Yesterday, Hillary Clinton was forced to testify in front of the House Select Committee on Benghazi. And predictably, this episode proved to be a pretty big waste of time. Even reading Fox News’ account of the proceedings, which would surely exaggerate any items of interest, proved to be decidedly boring. I provided the link above, but consider yourself warned.
For the uninitiated, Hillary’s testimony was about the attacks that took place against a US diplomatic outpost in Benghazi, Libya in 2012, which killed Ambassador Chris Stevens and three other Americans. This event was indeed a tragedy, and it received extra coverage both because it killed a US official and occurred specifically on September 11, 2012. But the reason it is continuing to get so much attention is because it was seen as a political opportunity to attack Hillary. Hillary Clinton was Secretary of State at the time of the Benghazi incident so Ambassador Stevens technically reported up to her; thus, critics have tried to place the blame squarely on her shoulders for his death.
The problem is that the way the Republicans have gone about attacking her on this issue is frustratingly stupid. The most common line of argument I’ve seen is that Clinton was somehow negligent in providing adequate security for the ambassador, and that’s why she should be blamed. But does anyone really think the Secretary of State is going to be involved in arranging the security detail for all her employees? No, of course not. Even if you’re trying to play partisan politics, how could you possibly think this is a winning move? It’s not.
This is depressing because the fact is that Hillary really does deserve a lot of the blame for the Benghazi attacks. But it’s not because she paid inadequate attention to random security details. It’s because she was one of the premiere forces behind the War in Libya that destroyed the sovereign government and led to widespread chaos. Regrettably, Ambassador Stevens was posted in that environment after the intervention and he became one of the casualties. That is the real issue that the committee should have focused on in this investigation–and to his credit, Rep. Peter Roskam did note this issue saying “Our Libya policy couldn’t have happened without you [Hillary], because you were its chief architect” and that “things in Libya today are a disaster.” He’s right about that. But unfortunately, that wasn’t the focus of yesterday’s hearing and it is hasn’t been the focus of the broader investigation.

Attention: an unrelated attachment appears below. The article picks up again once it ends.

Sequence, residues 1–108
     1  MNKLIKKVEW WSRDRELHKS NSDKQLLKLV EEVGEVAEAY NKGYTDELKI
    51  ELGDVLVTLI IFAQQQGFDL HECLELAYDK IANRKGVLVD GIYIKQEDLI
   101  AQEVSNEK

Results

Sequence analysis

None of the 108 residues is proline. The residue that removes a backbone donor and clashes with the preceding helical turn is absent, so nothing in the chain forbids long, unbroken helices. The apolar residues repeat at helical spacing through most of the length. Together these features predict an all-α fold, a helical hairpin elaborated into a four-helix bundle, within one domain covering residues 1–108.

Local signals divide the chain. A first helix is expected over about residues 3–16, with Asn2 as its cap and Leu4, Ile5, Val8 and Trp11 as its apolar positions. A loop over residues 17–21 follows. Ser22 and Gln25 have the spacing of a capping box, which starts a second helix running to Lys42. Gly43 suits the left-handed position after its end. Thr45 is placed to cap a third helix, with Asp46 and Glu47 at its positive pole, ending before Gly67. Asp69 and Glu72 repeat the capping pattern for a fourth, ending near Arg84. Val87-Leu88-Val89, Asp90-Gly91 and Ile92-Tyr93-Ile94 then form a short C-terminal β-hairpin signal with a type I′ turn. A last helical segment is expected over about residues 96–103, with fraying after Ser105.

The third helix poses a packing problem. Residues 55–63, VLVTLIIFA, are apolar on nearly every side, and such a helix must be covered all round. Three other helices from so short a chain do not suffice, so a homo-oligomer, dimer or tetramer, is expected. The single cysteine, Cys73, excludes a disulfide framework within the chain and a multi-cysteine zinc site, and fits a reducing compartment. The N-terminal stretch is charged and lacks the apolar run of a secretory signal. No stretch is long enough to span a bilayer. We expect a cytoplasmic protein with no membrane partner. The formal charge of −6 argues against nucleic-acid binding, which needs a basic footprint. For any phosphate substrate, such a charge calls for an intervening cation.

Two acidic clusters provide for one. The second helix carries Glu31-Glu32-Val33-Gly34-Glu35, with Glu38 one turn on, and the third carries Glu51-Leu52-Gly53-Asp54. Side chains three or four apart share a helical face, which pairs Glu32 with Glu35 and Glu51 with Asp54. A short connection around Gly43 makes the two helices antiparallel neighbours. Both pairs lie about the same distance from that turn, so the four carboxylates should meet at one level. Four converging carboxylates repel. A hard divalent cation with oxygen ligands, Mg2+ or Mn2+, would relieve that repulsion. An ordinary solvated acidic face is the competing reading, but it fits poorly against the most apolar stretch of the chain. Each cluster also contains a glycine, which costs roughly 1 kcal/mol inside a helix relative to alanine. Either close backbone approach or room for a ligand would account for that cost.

And of course, the reason the investigation hasn’t focused on that broader question is again partisan politics. As we discussed last week, the War in Libya was and remains a disaster even as Hillary continues to defend the intervention. She and the Obama Administration are completely vulnerable to being attacked in all sorts of ways on this issue, from misleading the public about the threat to civilians to sidestepping any Congressional approval process. But the Republicans aren’t focusing on these issues because that would mean opposing an aggressive use of military force in the Middle East. That’s not something they’re about to do. After all, if they opposed the Libyan intervention as such, it would be hard for them to simultaneously support more intervention in Syria. So instead, we’re left with half-hearted attempts to lynch Hillary on security. It’s like they’re trying to go after a known murderer by convicting her of jaywalking. It totally misses the point.
For additional analysis on exactly why the Libya disaster is such a big deal, I would recommend this article at The New Republic from a couple months back. It elaborates on a lot of the details that led up to the Libyan intervention and why we should be focusing on a different issue here.
Although it was not the focus of this piece, I should note there have been credible reports that the Benghazi outpost was part of a CIA effort to smuggle weapons from Libya to Syria to arm the “moderate” rebels against the Syrian government. That could have also been a fruitful line of inquiry for the Benghazi investigation, but naturally it didn’t come up. If you’re interested in learning more about this part of the story, this article has a well-cited write-up that consolidates a lot of the relevant reports.